Would you wear a shirt that shows how polluted water actually is?
Don’t worry—the “experiment” is simple, fun, and fashion-forward.
Lauren Bowker, material alchemist and founder of THEUNSEEN, and David de Rothschild, of lifestyle company The Lost Explorer, use fashion and science to engage people in the climate change discussion.
The duo recently launched Water, a project designed to help people better understand the effects of water pollution via fashion. Jacob Chabeaux and Dazed Digital had a hand in producing the project, too.
The project allows people to use simple science and t-shirts to make pH sensors.
It’s all about red cabbage
Did you know that red cabbage has a component that can indicate pH levels? The cabbage’s natural dye changes color when it comes in contact with different pH levels.
“PH is an innate property of water, one that defines the limits within which life can and can’t thrive,” Bowker says.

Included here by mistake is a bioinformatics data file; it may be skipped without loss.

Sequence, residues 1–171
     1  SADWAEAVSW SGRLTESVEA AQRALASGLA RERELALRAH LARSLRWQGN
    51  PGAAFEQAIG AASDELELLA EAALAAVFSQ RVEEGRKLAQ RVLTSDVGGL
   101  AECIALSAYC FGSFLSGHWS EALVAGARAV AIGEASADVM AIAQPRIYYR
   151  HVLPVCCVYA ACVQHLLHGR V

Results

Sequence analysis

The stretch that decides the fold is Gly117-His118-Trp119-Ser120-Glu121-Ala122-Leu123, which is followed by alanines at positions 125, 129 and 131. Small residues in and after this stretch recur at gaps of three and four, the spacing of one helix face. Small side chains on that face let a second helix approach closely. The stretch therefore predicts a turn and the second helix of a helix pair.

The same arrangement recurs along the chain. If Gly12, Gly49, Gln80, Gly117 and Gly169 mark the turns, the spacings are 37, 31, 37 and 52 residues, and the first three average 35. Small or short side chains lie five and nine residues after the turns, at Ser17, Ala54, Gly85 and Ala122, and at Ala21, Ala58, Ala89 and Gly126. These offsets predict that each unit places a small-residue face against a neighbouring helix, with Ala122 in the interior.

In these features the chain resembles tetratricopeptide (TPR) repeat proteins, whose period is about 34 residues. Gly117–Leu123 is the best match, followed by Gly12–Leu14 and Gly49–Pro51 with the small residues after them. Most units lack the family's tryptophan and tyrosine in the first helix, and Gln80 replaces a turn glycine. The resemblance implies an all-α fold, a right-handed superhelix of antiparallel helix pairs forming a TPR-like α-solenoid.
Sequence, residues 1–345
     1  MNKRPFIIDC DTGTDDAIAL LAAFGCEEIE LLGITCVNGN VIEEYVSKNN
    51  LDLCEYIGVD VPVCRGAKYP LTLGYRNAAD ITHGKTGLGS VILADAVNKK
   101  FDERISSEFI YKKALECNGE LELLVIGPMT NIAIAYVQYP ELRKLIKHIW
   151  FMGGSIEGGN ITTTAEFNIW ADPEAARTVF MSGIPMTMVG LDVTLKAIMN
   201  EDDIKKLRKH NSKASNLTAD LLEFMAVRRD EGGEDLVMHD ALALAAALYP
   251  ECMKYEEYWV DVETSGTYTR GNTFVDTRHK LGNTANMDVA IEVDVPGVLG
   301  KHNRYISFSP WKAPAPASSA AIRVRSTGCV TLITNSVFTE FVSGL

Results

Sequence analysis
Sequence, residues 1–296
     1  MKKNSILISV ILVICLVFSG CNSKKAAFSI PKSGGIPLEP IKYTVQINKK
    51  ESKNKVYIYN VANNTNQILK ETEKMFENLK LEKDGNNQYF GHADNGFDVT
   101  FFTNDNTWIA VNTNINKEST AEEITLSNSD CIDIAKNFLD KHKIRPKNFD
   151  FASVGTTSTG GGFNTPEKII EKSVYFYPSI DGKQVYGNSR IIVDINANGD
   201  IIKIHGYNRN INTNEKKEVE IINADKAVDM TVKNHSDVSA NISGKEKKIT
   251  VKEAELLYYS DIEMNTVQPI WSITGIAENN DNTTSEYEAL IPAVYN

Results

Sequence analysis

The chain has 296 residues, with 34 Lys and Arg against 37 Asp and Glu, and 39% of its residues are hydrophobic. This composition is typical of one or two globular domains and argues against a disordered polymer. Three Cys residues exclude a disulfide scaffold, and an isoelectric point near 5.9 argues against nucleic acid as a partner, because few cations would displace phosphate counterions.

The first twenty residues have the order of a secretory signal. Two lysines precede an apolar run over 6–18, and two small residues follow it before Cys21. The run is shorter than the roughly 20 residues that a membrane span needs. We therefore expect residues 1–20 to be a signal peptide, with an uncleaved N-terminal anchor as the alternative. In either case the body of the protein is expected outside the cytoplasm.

After following a specific but simple recipe, your t-shirt will initially be purple. This color indicates that purest form of neutral water.
“When the t-shirt comes into contact with non-neutral water, the pH level of that water is then revealed through the colour of the garment, forming colour shifts through the pH scale from alkaline green to acidic red,” Bowker explains.
“This enables the wearer to visualise the level of pollution in the water they are being exposed to.”
Embrace the change
Climate change scares a lot of people. And De Rothschild totally gets it. That’s a natural reaction! However, he also thinks that if people truly want to understand climate change, they have to embrace it.
He’s concerned that people merely fear nature—they focus on killer storms and other deadly natural disasters, which causes disconnection.
That’s why Bowker and de Rothschild hope that Water will make people take notice and think, “woe—nature is a bit freaky—but incredibly awe-inspiring, too.”
So go ahead. Put on your fashion-forward, pH detecting t-shirt and embrace the strange, curious world of science.
Want to make your own pH detecting shirt? Check out the short tutorial here.
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